T. ADLER BOOKS
Lucien Gauthier, Photographer
Edited by Tom Adler, Lisa Barnett. Text by Serge Kakou.
The travel narratives of European explorers who discovered Tahiti in the eighteenth century gave birth to the myth of a forgotten Eden. From Bougainville to Gauguin, many adventurous spirits would seek out her shores. In 1904, Lucien Gauthier, enchanted by the island, decided to become a photographer. The collection of images that he would assemble over the next 17 years illustrates the myth of a peaceable paradise. His work, which celebrates the beauty both of Tahitian women and of its verdant landscapes, expresses his personal vision of an ideal world. Today he is recognized as the creator of a photographic icon: the Vahine.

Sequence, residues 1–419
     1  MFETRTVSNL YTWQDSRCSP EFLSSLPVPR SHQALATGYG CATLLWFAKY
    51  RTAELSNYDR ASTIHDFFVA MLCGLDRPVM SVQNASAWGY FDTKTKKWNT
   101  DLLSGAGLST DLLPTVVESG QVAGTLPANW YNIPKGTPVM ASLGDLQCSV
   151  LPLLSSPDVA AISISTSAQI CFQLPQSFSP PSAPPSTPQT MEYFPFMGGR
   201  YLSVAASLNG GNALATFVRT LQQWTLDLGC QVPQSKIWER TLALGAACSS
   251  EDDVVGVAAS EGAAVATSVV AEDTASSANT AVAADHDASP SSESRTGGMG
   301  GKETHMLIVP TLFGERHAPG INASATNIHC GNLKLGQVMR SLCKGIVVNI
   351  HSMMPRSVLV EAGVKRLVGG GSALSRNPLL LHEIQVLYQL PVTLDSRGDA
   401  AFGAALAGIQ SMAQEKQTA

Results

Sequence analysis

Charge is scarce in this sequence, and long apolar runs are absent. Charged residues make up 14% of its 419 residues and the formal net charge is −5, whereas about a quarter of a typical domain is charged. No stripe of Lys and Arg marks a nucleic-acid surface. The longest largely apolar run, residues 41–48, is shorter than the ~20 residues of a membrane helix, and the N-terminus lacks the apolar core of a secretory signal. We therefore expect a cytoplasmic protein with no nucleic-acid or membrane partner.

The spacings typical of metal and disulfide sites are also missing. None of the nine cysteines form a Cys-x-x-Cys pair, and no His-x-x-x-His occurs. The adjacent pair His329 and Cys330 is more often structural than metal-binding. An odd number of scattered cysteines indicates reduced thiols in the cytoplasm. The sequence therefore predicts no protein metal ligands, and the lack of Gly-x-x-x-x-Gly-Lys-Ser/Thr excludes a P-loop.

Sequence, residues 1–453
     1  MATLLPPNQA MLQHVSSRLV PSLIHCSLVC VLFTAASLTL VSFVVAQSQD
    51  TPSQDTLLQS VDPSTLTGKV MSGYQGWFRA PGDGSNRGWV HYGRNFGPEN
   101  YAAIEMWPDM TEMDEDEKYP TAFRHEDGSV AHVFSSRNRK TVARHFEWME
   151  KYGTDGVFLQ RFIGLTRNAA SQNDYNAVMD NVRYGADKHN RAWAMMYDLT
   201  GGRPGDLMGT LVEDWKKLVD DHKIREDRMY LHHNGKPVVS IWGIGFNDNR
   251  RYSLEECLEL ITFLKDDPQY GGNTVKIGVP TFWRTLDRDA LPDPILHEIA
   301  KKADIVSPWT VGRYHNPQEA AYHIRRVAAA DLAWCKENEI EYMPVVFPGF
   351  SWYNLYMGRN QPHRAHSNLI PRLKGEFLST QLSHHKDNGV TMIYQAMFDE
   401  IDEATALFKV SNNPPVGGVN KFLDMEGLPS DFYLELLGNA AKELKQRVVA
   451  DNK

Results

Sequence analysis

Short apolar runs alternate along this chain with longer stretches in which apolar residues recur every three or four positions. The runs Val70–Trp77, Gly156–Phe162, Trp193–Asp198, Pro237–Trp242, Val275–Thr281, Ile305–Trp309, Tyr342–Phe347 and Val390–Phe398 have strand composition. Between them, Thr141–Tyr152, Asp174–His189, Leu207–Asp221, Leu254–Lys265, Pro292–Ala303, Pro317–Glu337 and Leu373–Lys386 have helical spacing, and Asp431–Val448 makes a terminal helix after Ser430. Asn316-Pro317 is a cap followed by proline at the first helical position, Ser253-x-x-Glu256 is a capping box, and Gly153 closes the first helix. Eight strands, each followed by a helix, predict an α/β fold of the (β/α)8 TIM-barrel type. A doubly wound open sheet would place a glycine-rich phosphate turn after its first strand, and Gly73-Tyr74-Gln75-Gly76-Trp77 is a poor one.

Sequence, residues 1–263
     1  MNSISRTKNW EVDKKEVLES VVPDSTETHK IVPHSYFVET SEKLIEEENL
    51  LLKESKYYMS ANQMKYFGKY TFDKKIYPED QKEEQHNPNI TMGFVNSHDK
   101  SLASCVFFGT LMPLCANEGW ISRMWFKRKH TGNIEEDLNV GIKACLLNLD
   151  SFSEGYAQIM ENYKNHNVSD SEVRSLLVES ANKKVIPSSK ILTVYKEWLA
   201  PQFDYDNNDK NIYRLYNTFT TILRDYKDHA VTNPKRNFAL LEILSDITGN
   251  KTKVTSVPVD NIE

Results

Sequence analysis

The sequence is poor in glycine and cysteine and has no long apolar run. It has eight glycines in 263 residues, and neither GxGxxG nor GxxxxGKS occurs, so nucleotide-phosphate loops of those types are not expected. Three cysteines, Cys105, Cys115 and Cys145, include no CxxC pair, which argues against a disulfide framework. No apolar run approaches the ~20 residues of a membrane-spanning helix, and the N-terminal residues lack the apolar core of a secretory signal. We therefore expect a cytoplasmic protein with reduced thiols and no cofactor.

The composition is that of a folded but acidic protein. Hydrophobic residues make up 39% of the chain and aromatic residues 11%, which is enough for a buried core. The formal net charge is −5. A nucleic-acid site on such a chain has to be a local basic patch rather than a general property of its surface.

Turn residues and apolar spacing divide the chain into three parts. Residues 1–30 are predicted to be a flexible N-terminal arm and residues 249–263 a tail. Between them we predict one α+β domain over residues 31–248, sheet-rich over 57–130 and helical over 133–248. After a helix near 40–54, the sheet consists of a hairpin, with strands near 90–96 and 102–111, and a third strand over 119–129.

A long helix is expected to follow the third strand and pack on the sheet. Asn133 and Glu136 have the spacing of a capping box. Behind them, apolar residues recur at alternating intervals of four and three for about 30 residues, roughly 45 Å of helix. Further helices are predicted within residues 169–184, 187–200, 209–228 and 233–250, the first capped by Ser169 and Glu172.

Lucien Gauthier (1875-1971) was born in Paris and left for California at the age of 27. Upon discovering Tahiti in 1904, he was immediately seduced. He quickly mastered the métier of photographer and opened a portrait studio, which allowed him to meet the local beauties, who posed for him both clothed and nude. Sumptuous landscapes completed his collection of images. His body of work was widely diffused in the form of postcards, establishing his fame. He left Tahiti in 1921 and settled in the suburbs of Paris, where he continued to sell prints. For the Colonial Exposition of 1931, he published a collection of his most beautiful photos. Upon seeing this book, Matisse went to visit Gauthier and left his company determined to travel to Tahiti. Gauthier's door would remain open to all Tahitians at heart, up to his death in 1971. This book situates his body of work in the history of photography in Tahiti from 1847 onward, and offers a selection of his most beautiful images, chosen from among 800 original negatives. The sole archive to have remained intact, it offers a rare view into Tahitian photography of the epoch.